How to keep on top of testing techniques & tools

Test Magazine Journalist Leah Alger interviews senior software testing assets to find out how they keep on top of testing techniques & tools

Tell me about yourself and your job role:

Sudeep Chatterjee: I am a Senior Technology Manager who has more than 19 years’ experience with top-tier investment banks, fintech and consulting firms; managing testing globally for enterprise-wide change programmes. I am currently consulting as Head of Testing at Bank of America Merrill Lynch within FICC – Global FX Technology group. Prior to the Bank of America Merrill Lynch, I have worked as Head of Testing with Lombard Risk, Barclays, UBS, GE and Accenture, while primarily focusing on building high performing multi-disciplinary testing teams and delivering testing for complex technology-driven business transformation initiatives.

Niranjalee Rajaratne: I am an IT professional with over 12 years’ experience who has worked in various verticals such as telecom, financial services, publishing and e-commerce. Currently, I am the head of quality assurance at Third Bridge. Third Bridge is a leading independent financial research company that provides private equity firms, hedge funds and strategy consultants with the information they need to make an informed decision about investment opportunities.

What is the most complex system architecture you have managed?

Sudeep Chatterjee: I have managed testing of many complex system architectures starting from PoS systems for one of UK’s largest retail company, complex integrated voice recognition systems for one of UK’s largest telecommunication company, complex banking systems built over quants and big data solutions and recently work on the high frequency low latency electronic trading platform for FX.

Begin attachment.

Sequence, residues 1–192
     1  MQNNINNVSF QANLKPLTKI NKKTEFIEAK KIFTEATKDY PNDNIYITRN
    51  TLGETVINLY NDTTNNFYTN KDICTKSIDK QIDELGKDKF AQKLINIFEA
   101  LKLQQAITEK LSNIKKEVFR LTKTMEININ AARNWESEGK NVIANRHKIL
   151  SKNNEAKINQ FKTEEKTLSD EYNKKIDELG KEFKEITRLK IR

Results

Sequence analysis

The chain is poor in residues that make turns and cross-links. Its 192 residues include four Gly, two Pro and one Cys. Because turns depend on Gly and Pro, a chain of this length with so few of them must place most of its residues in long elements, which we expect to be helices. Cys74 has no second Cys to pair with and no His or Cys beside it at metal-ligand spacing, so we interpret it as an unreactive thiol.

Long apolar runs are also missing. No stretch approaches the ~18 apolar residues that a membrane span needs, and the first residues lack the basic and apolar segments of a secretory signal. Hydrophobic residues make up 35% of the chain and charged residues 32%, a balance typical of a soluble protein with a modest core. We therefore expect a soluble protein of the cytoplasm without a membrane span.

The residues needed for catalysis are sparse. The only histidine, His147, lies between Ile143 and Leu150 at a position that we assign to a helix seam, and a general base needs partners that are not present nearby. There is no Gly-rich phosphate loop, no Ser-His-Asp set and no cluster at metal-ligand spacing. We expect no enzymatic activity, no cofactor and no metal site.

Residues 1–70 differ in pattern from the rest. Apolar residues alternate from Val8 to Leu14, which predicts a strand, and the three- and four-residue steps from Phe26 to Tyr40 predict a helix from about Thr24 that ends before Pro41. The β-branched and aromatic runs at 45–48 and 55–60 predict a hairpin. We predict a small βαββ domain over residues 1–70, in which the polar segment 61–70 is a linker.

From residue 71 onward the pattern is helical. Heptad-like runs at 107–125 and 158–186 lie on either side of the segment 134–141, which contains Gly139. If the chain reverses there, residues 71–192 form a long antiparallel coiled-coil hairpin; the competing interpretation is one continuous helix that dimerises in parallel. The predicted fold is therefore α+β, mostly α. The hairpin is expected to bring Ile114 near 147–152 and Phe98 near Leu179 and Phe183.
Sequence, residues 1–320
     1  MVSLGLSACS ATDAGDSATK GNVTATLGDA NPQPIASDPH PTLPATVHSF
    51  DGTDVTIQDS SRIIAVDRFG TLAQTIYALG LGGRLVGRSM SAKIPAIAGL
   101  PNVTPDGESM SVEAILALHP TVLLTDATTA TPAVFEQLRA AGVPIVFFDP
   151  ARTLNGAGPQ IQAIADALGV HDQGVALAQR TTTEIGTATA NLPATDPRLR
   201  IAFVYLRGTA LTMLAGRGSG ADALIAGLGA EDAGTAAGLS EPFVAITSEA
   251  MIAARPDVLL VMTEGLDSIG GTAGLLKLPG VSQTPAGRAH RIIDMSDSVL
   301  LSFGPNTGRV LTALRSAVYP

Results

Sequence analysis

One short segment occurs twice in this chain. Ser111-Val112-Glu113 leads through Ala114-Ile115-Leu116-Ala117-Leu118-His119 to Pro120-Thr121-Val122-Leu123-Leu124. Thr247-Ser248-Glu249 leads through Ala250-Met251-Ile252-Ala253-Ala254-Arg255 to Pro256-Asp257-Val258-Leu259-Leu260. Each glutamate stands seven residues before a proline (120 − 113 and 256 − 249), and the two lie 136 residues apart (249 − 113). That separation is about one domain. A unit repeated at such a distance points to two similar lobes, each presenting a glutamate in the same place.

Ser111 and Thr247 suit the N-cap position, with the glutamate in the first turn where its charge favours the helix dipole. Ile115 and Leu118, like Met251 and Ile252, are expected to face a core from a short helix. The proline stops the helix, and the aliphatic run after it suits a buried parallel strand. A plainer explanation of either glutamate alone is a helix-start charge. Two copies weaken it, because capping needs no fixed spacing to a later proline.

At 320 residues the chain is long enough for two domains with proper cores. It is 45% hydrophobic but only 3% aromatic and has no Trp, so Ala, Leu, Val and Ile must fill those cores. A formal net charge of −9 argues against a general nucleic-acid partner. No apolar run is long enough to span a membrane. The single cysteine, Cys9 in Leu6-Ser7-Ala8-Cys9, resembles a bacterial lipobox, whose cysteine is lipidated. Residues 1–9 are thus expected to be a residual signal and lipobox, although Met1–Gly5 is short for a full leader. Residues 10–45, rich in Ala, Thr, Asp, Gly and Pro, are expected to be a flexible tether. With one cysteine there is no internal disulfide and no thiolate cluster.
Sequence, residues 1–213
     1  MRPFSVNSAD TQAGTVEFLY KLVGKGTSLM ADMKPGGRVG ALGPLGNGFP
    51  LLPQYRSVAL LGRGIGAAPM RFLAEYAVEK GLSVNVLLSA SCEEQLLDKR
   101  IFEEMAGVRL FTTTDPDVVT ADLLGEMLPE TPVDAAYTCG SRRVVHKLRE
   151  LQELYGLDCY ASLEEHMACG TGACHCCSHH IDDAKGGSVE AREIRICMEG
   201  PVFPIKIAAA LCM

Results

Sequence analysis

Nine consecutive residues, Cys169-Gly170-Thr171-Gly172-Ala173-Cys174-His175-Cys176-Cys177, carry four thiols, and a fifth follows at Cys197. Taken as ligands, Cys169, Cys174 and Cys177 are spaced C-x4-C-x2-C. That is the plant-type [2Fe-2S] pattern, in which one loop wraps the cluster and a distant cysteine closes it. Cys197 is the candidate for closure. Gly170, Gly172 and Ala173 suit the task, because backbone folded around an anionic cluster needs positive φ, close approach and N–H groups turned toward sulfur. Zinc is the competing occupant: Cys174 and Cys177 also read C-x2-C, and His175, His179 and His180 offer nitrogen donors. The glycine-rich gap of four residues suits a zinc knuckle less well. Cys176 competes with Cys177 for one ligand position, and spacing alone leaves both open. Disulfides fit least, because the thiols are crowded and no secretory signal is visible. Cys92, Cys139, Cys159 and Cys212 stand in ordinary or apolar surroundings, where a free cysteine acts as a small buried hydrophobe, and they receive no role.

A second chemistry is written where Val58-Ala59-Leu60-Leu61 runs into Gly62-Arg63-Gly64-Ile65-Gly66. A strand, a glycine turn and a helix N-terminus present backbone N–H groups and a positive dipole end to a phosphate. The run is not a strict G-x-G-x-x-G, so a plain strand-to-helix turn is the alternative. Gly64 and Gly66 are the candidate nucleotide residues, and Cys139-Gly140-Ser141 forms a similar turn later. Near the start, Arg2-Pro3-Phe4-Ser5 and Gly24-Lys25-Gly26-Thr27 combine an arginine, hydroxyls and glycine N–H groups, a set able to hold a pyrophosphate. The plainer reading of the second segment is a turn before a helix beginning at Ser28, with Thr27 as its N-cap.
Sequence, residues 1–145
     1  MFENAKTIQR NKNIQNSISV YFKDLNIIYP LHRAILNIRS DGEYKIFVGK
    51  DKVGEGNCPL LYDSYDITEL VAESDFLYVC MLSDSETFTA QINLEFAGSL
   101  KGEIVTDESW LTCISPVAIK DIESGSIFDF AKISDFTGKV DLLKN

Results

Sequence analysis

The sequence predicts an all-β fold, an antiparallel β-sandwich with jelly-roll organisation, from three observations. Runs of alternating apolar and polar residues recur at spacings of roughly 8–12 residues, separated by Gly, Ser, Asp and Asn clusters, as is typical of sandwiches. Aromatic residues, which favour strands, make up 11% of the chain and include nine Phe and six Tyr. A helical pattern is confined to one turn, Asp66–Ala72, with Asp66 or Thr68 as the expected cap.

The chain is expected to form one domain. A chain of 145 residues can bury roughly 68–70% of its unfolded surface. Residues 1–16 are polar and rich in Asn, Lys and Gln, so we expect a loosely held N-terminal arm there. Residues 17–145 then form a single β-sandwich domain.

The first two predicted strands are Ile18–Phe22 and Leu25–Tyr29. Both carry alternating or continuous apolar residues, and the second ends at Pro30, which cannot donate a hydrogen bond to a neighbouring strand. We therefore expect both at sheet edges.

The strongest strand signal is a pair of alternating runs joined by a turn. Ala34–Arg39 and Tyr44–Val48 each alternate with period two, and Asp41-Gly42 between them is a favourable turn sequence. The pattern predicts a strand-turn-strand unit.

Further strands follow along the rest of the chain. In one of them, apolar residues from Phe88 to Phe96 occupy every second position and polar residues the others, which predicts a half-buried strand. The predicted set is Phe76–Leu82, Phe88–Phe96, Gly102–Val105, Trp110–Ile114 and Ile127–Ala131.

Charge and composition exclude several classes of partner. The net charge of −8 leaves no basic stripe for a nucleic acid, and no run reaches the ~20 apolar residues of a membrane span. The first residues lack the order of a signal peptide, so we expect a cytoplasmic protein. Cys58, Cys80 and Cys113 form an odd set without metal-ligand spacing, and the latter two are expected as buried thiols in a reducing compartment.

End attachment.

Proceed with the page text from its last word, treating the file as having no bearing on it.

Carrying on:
Niranjalee Rajaratne: One that was developed on unstable grounds where the system was built and managed in an ad-hoc manner. There was a poor team structure in place and there wasn’t enough skills and knowledge in the teams. Also, the business knowledge was not built into the system properly. This created uncertainty when it came to software testing and delivery. It became difficult to achieve quality and to take proactive measurements to risk management.

Are your change management processes modernised and agile friendly?

Sudeep Chatterjee: Change management process is agile and focuses on ensuring SDLC is built over robust processes, which allows for faster delivery with high quality.

Niranjalee Rajaratne: Yes, up to some extent. We keep evolving. We try to iterate the change management process so that it enables us to achieve the business needs faster, better and within the budget. As an outcome, we try to do early engagements with business units, improve communication to keep it consistent and get the buy-in from senior management as early as possible. The team is given autonomy and time to try new things and adapt to change as new and brilliant ideas come to light.

How do you stay ahead of the competition when it comes to mobile systems, cloud computing and APIs?

Sudeep Chatterjee: Adopting a modern digital transformation strategy is part of the technology roadmap, which includes best-in-class delivery for mobile platforms and cloud solutions for end users.

Niranjalee Rajaratne: Research and assessments help us to continuously refine and adopt the right level of technology to achieve business objectives. We assess our current workflows and software to identify gaps in efficiency that technology can bridge.

Can you give me an example of a CI/CD failure you’ve experienced, and what you learned from it?

Sudeep Chatterjee: CI/CD has gone wrong mostly in my experience, especially when dev teams are used to implementing plans and runbooks for deployments in non-production and production environments. When teams start using CI/CD tools without proper training there are times when an issue comes up, particularly around configuration setups.